Smaller practices and AAHA-accredited practices have stronger scores on practice culture in a number of areas, while stronger cultural scores in certain areas are associated with higher production per full-time-equivalent veterinarian.
Those are among the findings of a culture survey from the American Animal Hospital Association. The association released the results as part of the AAHA 2016 State of the Industry report during its yearly conference, March 31 through April 3 in Austin, Texas.
The AAHA conference featured the launch of the Fear Free Certification Program to help veterinary professionals reduce the fear that many pets experience during veterinary visits (seestory). Morris Animal Foundation offered updates on the Golden Retriever Lifetime Study to study cancer and other conditions over the lifetime of Golden Retrievers (seestory).
Also during the conference, Dr. Nancy Soares assumed the office of president (seestory), and the association gave the AAHA-Accredited Practice of the Year awards (seestory).
The conference drew 4,490 attendees, including 1,585 veterinarians, 340 practice managers, 321 veterinary technicians, 283 veterinary assistants and other members of support staff, and 58 veterinary and veterinary technology students. The association’s membership encompasses about 3,700 AAHA-accredited practices and 1,800 nonaccredited practices.
State of the Industry
Dr. Mike Cavanaugh, AAHA chief executive officer, presented the 2016 State of the Industry report in a special session. The association collaborated with Idexx Laboratories Inc. on economic data in the report and with the University of Denver Daniels College of Business on the culture survey.
The number of active patients, or patients with at least one transaction during the year, increased a mean of 2.6 percent from 2014-2015, averaging across thousands of AAHA-accredited and nonaccredited animal hospitals in the United States. Patient visits increased a mean of 3.2 percent. Practice revenues increased a mean of 6.4 percent.
Thirty-five percent of hospitals saw revenues increase more than 10 percent, with active patients increasing a mean of 8.7 percent at those hospitals. Half of hospitals saw revenues increase 0 to 10 percent, with active patients increasing a mean of 0.9 percent at those hospitals. Fifteen percent of hospitals saw revenues decline, with active patients decreasing a mean of 7.1 percent at those hospitals.
The 2016 report included the “AAHA Culture Survey: Understanding the Impact of Organizational Culture in Veterinary Practices” conducted by the Daniels College of Business. The 1,850 respondents to the fall 2015 survey came from 1,035 companion animal practices.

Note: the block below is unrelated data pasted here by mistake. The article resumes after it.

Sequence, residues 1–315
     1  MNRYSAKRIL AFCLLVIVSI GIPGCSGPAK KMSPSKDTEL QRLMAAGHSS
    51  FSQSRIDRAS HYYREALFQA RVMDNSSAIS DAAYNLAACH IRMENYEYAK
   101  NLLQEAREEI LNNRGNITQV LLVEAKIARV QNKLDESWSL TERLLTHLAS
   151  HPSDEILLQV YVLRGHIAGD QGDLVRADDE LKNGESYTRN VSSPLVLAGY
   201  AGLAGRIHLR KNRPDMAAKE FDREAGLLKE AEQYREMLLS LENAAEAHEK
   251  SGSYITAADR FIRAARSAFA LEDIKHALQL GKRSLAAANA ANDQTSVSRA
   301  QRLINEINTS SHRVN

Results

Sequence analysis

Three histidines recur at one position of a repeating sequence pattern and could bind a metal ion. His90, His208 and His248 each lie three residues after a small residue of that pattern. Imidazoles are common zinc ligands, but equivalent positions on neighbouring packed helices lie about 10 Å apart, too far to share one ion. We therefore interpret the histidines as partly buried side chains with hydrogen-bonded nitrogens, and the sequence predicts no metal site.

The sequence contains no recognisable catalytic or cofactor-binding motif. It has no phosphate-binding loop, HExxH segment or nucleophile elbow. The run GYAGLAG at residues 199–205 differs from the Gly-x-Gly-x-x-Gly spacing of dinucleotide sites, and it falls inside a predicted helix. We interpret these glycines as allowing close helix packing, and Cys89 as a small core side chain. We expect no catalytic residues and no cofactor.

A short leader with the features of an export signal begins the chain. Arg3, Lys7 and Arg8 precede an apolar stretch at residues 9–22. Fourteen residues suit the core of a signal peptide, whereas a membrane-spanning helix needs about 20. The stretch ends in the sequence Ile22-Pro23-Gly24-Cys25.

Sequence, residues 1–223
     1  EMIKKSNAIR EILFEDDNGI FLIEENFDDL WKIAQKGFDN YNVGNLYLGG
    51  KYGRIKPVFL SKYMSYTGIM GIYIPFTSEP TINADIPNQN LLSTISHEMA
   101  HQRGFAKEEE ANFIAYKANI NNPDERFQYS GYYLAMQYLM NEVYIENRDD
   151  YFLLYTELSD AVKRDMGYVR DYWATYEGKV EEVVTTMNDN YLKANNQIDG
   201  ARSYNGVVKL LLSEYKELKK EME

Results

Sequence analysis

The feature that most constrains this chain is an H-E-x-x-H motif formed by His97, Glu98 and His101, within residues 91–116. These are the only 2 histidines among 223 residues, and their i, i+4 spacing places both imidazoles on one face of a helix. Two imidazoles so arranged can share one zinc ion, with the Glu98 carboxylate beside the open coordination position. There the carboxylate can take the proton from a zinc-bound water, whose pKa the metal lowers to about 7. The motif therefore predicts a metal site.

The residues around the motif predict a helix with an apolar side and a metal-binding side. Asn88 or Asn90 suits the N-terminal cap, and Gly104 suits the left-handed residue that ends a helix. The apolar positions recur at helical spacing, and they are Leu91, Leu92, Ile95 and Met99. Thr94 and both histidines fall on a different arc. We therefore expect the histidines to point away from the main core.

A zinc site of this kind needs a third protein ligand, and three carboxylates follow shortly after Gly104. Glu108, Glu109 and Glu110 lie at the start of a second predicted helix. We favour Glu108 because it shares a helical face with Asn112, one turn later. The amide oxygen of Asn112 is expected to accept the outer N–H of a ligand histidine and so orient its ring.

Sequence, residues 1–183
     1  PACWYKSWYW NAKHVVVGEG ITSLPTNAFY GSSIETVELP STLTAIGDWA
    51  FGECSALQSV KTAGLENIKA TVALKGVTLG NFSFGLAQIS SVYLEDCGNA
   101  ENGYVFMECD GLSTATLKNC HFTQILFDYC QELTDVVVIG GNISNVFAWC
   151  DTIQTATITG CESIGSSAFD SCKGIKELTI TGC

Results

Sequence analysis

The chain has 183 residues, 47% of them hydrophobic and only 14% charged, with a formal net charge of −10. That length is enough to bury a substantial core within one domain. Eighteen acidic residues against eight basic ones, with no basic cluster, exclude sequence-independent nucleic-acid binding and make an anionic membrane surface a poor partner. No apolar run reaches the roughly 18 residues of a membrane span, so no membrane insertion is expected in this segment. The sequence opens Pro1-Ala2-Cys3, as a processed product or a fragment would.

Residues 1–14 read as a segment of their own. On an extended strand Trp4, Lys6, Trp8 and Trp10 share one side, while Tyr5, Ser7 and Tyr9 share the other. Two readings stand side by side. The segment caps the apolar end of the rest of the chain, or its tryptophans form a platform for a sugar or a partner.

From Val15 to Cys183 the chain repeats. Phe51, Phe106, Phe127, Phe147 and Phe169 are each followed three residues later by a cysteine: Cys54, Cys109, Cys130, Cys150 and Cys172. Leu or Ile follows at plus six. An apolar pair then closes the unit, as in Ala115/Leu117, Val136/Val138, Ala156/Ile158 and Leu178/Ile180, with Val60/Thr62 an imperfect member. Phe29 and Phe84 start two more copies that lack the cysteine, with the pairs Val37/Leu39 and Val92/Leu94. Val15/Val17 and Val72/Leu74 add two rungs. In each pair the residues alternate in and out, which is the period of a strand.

The survey assessed eight attributes of organizational culture on a scale of 1 to 5. Respondents rated staff relationships with veterinarians highest, at 4.2, followed by training and career development, at 4.1. Rated lowest were institutional fairness and communication, at 3.6, and rewards and recognition, also at 3.6.
There was a positive relationship between AAHA accreditation and six of the eight cultural attributes. Digging into data on other business metrics, Dr. Cavanaugh said, “We get this inference that smaller practices may have some cultural advantages.”
Positive perceptions toward relationships with veterinarians were associated with fewer new clients, lower gross incomes, and fewer employees. Stronger scores on the attribute of teamwork and staffing were associated with fewer new clients, fewer employees, lower gross incomes, and fewer FTE veterinarians. Stronger scores on the attribute of leadership skills and opportunities to contribute were associated with fewer employees and lower gross income as well as higher production per FTE veterinarian.
Higher production per FTE veterinarian also was associated with stronger scores on employee involvement and on supervision.
Job function impacted perceptions of culture, with this analysis excluding practice owners. Employees in the category of management/administrators had more-positive overall perceptions of culture, while associate veterinarians, veterinary technicians, and support staff had less-positive perceptions.
In conjunction with the conference, AAHA made announcements about initiatives in areas ranging from practice management to practice guidelines to continuing education.
In early March, AAHA announced that practices participating in North American Business Association groups with AAHA will be transitioning into AAHA-Accredited Veterinary Management Groups through Veterinary Study Groups Inc. AAHA will be recruiting new members for the AAHA-Accredited VMGs, and VSG will be educating members of existing VMGs about AAHA accreditation. Currently, about 41 percent of practices in existing VMGs are accredited by AAHA.
In 2015, AAHA released the new AAHA Canine and Feline Behavior Management Guidelines to offer tools for practices to assess and manage behavioral issues in dogs and cats. This year, the association plans to release new guidelines on oncology and on end-of-life care.
Capping off the opening session of the AAHA conference, Dr. Cavanaugh announced that all AAHA-accredited practices will receive a free VetFolio team subscription as part of their membership. The online CE platform is a joint partnership of AAHA and the North American Veterinary Community.